U.S. Bank Wealth Management’s senior investment strategist, Rob Haworth, has said that the production cuts agreed upon by Russia and OPEC are already priced into the market, however U.S. oil investment and production seem to be increasing and speculation in the futures market is reaching the highest level in two years. This combination of circumstances, says Haworth, means that “oil prices are somewhat vulnerable in the near term.”
However, based on the four-week moving average for the continental forty-eight states, production in the United States has risen by about 40,000 barrels a day. Should production in the United States continue to rise at this pace, then basically, all of the production cuts by Russia and OPEC could be pretty much offset by early September, and an extended worldwide production surplus could be the likely result.
And then there are the rig counts.
According to research data released by Morgan Stanley, the peaks and bottoms of crude oil prices and oil rig counts have been spaced about three or four months apart in the last decade. On February 11, 2016, crude oil prices hit a 12 year low. As of January 17, 2017, they have rebounded just a hair over 100%. If the above pattern is holding true, the rig count at June 2016 should have been the bottom.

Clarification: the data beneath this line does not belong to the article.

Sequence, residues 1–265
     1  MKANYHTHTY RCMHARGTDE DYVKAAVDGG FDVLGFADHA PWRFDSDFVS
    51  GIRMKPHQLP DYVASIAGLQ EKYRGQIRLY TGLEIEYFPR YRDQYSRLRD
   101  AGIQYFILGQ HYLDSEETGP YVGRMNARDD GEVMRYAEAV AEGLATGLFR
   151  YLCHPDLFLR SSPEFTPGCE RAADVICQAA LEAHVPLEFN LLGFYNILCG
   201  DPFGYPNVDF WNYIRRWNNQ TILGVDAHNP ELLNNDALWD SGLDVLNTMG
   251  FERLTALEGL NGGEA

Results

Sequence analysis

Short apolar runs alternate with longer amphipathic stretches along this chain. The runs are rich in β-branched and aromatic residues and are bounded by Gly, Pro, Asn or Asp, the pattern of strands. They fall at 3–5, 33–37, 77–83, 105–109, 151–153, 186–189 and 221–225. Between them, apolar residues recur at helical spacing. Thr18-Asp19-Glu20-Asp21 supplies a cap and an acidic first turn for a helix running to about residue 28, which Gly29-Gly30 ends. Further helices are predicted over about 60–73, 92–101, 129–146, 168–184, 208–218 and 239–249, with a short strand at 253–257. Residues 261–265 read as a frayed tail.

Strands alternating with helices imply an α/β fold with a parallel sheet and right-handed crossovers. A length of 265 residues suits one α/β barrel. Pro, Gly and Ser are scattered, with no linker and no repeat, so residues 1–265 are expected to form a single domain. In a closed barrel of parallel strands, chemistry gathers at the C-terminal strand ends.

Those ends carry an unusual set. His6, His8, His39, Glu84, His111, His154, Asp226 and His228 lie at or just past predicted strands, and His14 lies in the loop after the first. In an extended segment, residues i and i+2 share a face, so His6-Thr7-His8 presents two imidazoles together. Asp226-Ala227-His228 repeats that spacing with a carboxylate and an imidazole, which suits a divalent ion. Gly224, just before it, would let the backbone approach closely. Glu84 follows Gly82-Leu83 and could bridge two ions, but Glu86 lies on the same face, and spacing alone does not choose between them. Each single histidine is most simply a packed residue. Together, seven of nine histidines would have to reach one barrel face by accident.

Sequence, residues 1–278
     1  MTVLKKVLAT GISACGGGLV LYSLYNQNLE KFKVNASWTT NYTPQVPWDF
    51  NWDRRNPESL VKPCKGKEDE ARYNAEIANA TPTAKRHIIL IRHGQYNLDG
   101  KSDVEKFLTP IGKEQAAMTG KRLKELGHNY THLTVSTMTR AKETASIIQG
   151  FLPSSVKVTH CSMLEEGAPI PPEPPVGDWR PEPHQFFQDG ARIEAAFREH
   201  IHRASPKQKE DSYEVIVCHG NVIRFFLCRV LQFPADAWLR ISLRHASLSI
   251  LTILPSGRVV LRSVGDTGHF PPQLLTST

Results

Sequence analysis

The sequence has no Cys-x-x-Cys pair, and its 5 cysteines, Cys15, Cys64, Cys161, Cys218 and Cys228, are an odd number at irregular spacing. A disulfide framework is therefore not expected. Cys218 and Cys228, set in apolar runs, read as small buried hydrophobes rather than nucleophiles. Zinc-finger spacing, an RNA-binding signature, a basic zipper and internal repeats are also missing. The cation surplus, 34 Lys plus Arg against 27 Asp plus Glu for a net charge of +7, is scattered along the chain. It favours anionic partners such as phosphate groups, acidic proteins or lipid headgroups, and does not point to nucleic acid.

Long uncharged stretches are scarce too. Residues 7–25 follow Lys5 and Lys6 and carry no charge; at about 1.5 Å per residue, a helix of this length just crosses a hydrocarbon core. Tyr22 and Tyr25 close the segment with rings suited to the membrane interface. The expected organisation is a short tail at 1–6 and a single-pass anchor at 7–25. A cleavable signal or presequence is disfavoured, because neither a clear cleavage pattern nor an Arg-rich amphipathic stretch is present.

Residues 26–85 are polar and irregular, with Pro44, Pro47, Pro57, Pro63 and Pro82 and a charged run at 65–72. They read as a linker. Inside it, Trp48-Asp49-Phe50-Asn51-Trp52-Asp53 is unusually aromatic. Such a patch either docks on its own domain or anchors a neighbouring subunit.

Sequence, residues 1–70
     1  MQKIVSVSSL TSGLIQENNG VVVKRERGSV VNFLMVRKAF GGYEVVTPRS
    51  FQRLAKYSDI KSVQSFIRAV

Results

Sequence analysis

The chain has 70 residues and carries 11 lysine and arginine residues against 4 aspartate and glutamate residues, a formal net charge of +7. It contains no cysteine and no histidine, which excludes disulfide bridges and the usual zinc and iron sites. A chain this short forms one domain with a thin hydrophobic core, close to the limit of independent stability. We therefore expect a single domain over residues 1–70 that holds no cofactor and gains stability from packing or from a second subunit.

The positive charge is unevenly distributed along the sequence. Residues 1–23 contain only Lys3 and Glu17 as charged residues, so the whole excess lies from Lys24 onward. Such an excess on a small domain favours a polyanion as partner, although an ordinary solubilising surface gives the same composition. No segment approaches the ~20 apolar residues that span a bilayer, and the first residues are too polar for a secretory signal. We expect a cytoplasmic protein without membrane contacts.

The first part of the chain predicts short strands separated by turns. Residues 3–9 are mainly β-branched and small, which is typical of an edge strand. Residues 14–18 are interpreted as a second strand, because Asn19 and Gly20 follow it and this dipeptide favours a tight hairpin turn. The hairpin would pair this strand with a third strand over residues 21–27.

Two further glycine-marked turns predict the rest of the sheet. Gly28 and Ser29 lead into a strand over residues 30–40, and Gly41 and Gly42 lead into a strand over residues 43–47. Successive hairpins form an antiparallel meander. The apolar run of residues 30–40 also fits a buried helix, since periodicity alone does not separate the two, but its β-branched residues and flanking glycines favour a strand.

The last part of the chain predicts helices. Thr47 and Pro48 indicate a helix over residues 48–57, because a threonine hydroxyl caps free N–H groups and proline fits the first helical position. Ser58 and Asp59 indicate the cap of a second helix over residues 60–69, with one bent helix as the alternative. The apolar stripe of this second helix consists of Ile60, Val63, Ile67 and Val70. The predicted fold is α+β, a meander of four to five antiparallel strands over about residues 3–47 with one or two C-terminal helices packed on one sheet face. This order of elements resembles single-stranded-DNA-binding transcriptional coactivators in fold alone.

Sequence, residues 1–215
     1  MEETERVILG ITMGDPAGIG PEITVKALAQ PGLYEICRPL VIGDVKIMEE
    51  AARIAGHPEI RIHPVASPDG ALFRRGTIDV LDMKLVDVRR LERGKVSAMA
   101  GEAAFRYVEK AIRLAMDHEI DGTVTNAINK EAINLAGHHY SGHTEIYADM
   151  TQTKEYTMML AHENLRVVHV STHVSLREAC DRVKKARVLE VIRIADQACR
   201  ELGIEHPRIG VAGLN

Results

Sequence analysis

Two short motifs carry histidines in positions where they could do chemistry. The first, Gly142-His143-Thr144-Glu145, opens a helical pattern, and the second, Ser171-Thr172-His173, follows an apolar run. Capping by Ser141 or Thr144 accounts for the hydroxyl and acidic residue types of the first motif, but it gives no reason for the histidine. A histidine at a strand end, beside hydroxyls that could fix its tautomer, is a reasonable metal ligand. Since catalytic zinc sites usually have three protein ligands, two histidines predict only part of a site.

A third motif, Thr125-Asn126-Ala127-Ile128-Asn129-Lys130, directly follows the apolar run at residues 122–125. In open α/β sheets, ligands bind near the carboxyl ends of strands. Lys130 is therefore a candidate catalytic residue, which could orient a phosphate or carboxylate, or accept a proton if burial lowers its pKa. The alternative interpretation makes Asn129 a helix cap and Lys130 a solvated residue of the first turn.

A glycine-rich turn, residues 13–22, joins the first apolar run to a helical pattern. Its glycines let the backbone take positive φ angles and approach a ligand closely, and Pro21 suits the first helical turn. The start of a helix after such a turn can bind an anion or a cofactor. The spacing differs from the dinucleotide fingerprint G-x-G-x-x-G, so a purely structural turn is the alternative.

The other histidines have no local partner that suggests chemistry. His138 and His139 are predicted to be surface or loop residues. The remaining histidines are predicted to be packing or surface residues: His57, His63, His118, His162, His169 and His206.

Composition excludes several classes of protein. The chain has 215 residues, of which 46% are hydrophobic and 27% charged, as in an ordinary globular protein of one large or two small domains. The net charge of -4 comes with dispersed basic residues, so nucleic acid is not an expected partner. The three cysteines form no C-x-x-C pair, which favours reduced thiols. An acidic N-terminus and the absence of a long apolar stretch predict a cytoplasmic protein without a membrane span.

In the week just ended, the number of rigs working in the United States increased by 29, bringing the total to 551. That certainly indicates the potential for a rise in oil production. And, in fact, Goldman Sachs is forecasting that U.S. oil production will increase this year by over a quarter of a million barrels a day more than last year, if all of the rigs are back only by June.
The problem, though, is that an increase in the number of rigs also indicates more pressure on crude oil prices. That means this type of rig count data could have a very real effect on energy funds like the Guggenheim S&P 500 Equal Weight Energy ETF (RYE), Fidelity MSCI Energy ETF (FENY) and the iShares US Oil Equipment & Services (IEZ).